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by Oscar Cherniak

Service industries thrive on the part-time labour of youth. We, the youth, have the impression that we should be grateful for whatever we receive, because we know how important it is to build a resume, gain work experience and to always have ten bucks in our pockets to fuel the deadly gas guzzling beasts we drive to our minimum wage jobs each day. What many of us don't know is that no matter how lowly we perceive ourselves as being in the great scheme of all things labour related, we also have rights.

There are laws in place to cover hours of work, days of rest, wages and health and safety. I've probably missed a few, but I think you get the idea. We are not just slave wage labour with no right to pursue fair and equitable treatment. Patti's situation was a classic example of a labourer who was unaware of her rights and was being exploited by management.

The second belief that keeps us ignorant of our rights is the idea that we all must walk our own paths. That we will only gain an advantage by looking after our own individual interests, or as most often happens, not looking after our interests. This belief keeps us neatly divided rather than providing en environment where we can work together to ensure that the rights of youth workers are being protected.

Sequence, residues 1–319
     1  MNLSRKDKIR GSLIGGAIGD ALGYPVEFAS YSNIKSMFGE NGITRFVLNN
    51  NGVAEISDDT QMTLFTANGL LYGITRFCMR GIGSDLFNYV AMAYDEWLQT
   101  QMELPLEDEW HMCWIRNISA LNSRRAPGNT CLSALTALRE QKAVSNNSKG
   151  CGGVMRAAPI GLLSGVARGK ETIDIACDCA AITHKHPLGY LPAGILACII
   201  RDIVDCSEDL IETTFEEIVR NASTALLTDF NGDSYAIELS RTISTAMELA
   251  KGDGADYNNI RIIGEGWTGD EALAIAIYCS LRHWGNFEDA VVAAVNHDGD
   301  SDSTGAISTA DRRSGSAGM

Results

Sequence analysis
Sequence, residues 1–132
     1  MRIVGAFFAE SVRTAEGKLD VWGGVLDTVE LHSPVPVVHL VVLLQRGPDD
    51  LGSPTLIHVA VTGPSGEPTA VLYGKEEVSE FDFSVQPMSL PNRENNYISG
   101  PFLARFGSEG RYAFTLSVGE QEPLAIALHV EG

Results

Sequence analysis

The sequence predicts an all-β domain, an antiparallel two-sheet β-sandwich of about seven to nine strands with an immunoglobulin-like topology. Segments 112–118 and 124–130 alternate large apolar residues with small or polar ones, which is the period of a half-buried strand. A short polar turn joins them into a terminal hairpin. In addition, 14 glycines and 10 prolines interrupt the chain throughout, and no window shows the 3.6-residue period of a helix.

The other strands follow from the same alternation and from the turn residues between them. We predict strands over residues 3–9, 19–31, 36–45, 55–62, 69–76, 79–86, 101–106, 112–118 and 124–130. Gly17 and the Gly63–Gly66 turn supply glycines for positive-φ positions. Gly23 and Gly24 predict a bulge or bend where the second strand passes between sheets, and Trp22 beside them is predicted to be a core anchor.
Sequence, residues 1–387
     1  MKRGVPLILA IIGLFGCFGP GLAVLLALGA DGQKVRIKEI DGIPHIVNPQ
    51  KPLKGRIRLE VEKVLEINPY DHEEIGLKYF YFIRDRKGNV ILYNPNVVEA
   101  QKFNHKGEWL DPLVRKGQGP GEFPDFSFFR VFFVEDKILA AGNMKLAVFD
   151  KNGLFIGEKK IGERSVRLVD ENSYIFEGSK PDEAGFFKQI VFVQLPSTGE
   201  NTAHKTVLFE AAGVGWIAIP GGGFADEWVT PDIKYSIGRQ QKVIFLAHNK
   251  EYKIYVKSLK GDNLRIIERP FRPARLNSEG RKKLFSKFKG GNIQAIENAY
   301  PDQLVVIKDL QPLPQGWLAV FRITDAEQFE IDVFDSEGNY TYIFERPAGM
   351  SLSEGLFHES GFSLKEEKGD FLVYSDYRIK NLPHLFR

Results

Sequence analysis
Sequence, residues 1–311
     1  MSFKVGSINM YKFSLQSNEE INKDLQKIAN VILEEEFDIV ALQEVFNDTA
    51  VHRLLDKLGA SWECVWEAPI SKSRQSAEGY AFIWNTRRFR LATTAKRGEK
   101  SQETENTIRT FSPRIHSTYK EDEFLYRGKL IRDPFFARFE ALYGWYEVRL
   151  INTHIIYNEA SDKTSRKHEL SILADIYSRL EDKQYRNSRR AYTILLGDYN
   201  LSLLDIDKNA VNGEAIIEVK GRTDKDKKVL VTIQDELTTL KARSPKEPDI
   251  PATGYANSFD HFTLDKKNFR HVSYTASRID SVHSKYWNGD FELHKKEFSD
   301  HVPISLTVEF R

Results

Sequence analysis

I won't say the solution is quick and easy, but it all begins with education. I know that most of you don't want to hear that you should spend your free time educating yourself, but trust me, this isn't like fractal geometry or something that makes you go “huh, how am I going to use this?” This is important information for every day of your working life. There are many websites dedicated to explaining labour laws, and they're explained in everyday language. Check them out, you won't regret it.










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